Production revisions were the result of planting delays through early June in the eastern Corn Belt and northern Plains. The USDA believes this reduction in planted area, will more than offset likely gains in the western Corn Belt and central Plains where planting was ahead of schedule by mid-May. Harvested area is lowered 1.9 million acres, to 83.2 million with the additional 400,000 acre reduction reflecting early information about May flooding in the lower Ohio and Mississippi River valleys and June flooding along the Missouri River valley.

Corn ending stocks are projected 35 million bushels lower than beginning stocks indicating a stocks-to-use ratio of 5.2 percent compared with the 2010/11 forecast ratio of 5.4 percent. The 2011/12 season-average farm price for corn is projected at a record $6.00 to $7.00 per bushel, up 50 cents on both ends of the range.

World corn production was slightly lowered to 866 million metric tons from May’s forecast of 868 million metric tons; decreases in U.S. production were offset by increases in Chinese production. Global corn ending stocks however were reduced by 13% to 112 million metric tons; lower usage was forecasted in the U.S., but was off by increases in expected Chinese demand.


The USDA raised its estimate of ending stocks for the 2011/12 crop to 190 million bushels from its May estimate of 160 million bushels. This was the result of, reductions to the estimates of ending stocks for the 2010/11 crop and soybean exports for the 2011/12 crop by 10 and 20 million bushels respectively. Demand erosion for the 2011/12 U.S. crop is anticipated from an increase in the recently harvested Brazilian soybean crop.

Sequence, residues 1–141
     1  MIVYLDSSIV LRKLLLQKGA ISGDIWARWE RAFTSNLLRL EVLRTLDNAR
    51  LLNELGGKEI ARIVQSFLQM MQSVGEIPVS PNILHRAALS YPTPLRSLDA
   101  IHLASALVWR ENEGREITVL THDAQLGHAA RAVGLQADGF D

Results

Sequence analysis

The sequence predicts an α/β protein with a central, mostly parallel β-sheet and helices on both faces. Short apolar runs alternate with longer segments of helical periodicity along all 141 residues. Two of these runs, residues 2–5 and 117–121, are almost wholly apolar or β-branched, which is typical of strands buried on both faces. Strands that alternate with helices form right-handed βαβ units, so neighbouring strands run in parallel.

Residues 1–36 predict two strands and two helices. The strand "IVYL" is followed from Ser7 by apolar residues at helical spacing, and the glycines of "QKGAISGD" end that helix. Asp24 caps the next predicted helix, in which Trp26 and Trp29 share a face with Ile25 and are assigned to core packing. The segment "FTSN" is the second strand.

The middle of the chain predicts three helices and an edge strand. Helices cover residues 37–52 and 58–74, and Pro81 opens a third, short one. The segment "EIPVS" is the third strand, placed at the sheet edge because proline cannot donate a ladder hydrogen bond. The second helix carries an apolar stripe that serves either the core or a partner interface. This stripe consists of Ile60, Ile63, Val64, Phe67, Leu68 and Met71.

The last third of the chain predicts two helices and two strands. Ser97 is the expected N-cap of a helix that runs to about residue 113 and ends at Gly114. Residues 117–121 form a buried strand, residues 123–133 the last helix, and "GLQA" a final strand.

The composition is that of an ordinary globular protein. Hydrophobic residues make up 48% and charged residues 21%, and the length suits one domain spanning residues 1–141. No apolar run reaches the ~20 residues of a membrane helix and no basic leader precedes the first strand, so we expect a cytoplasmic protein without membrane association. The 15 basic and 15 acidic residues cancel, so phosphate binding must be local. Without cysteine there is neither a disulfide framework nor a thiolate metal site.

The U.S. season-average soybean price for 2011/12 is projected at $13.00 to $15.00 per bushel, up $1.00 on both ends of the range.

Global soybean production and ending stocks were each lowered marginally from the May report. While production and usage levels have remained consistent with estimates, we remain focused on the development of the U.S. soybean crop, which represents 34% of world production and import demand from China.


U.S. 2010/11 wheat ending stocks were lowered to 809 million bushels from 839 million bushels. This estimate is based on lower U.S. imports and higher than expected exports.

The USDA raised its forecast of 2011/12 wheat yields to 43.1 bushels per acre, from 42.5 bushels per acre, but lowered its planted and harvest acres by 300 and 220 thousand acres respectively. They also left U.S. wheat usage and exports for 2011/12 unchanged from previous estimates. These estimates project ending stocks 15 million bushels lower at 687 million bushels, but remain above the 10-year average.